jihadists had begun joining in.
Obviously this increased anti-American sentiment, but not
necessarily effective anti-American sentiment.
Hating the United States is not the same as being able to
run secure covert operations in the United States.
war did not and does not cover most of Iraq's territory.
Only a relatively small portion is involved -- the Sunni
regions. At this
point, the administration has done a fairly good job in creating a
political process and bringing the Sunni elders to the table, if
not to an agreement that will end the insurgency.
But the problem is that American expectations about the war
have been so strangely set that whatever esoteric satisfaction
experts might take in the evolution, it is clear that this war is
not what the Bush administration expected, that it is not what the
administration was prepared to fight, and that the administration
is now in a position where it has to make compromises rather than
impose its will.
believe that a war started on Sept. 11, 2001.
We believe that from a strictly operational point of view,
al Qaeda has gotten by far the worst of it.
Having struck the first blow, al Qaeda has been crippled,
succeeding attack weaker and weaker.
We also think that the U.S. invasion of Iraq achieved at
least one of Washington's goals: Saudi Arabia has behaved much
differently since February 2003.
But the ongoing war has undermined the ability of the
United States to use Iraq as a base of operations in the region,
and the psychological outcome Washington was hoping for obviously
progress there has been is invisible, for two reasons.
First, the Bush administration had crafted an explanation
for the entire war that was based on two premises -- first, that
the American public would remain united on all measures necessary
after Sept. 11, and second, that the United States would achieve a
quick victory in Iraq, sparing the administration the need to
explain itself. As a
result, Bush has never articulated a coherent strategic position.
Furthermore, as the second premise proved untrue, the
failure to enunciate a coherent strategic vision began to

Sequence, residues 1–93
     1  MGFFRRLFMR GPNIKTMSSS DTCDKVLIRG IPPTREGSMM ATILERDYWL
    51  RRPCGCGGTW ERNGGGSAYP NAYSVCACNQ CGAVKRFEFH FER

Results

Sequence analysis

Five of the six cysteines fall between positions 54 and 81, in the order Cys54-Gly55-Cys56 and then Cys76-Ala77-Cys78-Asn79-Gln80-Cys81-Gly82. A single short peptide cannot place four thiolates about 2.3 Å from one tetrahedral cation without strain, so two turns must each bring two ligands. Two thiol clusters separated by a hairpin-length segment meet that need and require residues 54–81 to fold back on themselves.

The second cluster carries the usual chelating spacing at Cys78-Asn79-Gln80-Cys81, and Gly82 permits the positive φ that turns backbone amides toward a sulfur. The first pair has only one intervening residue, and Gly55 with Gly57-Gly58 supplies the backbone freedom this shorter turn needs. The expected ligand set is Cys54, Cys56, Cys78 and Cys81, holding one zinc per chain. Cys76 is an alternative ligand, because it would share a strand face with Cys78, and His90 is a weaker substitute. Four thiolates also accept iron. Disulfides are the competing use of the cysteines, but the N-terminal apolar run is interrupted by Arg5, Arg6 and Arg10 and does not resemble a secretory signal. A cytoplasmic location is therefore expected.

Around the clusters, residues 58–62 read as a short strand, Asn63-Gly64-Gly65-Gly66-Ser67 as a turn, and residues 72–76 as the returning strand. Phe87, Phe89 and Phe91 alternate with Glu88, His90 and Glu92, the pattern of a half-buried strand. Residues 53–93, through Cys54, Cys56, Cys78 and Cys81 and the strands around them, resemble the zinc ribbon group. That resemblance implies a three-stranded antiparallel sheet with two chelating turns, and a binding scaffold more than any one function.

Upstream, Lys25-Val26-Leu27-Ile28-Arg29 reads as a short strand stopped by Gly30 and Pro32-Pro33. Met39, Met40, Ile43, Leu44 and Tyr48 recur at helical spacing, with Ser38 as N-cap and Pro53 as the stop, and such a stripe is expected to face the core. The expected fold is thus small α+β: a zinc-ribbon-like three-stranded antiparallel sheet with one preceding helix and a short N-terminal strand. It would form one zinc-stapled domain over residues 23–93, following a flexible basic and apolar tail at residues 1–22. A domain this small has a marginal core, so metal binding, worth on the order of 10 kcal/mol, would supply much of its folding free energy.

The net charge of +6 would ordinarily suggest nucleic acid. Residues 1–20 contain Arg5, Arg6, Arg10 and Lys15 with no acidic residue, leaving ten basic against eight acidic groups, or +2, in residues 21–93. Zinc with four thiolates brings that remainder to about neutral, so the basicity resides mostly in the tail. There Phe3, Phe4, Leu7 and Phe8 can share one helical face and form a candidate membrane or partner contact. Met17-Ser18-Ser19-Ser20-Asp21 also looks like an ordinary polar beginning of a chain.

undermine the first premise -- national unity.
At this point, Bush is beginning to face criticism in his
own party. Sen. Chuck
Hagel's statement, that the promise to stay the course does not
a strategy, is indicative of Bush's major problem.
president's dilemma, now, is this.
He had a strategy. He
failed to explain what it was because doing so would have carried
a cost, and the president assumed it was unnecessary.
It turned out to be necessary,
he still didn't enunciate a strategy because it would at that
point have appeared contrived.
Moreover, as time went on, the strategy had to evolve.
It is hard to evolve an unarticulated strategy.
Bush rigidified publicly even as his strategy in Iraq
became more nimble.
out how the war is going four years after 9-11, then, is like a
nightmare fighting ghosts. The
preposterous defense of U.S. strategy meets the preposterous
attack on U.S. strategy: Claims that the United
invaded Iraq to bring democracy to the people competes with the
idea that it invaded in order to give contracts to Halliburton. Nothing is too preposterous to claim.
even as U.S. politics seize up in one of these periodic spasms,
these facts are still clear:
The United States has not been attacked in four years.
No Muslim government has fallen to supporters of al Qaeda.
The United States won in neither Iraq or Afghanistan.
Bin Laden is still free and ready to go extra rounds.
far, neither side has won -- but on the whole, we'd say the United
States has the edge. The
war is being fought outside the United States. And that is not a
trivial point. But it
is not yet a solution to the president's problems.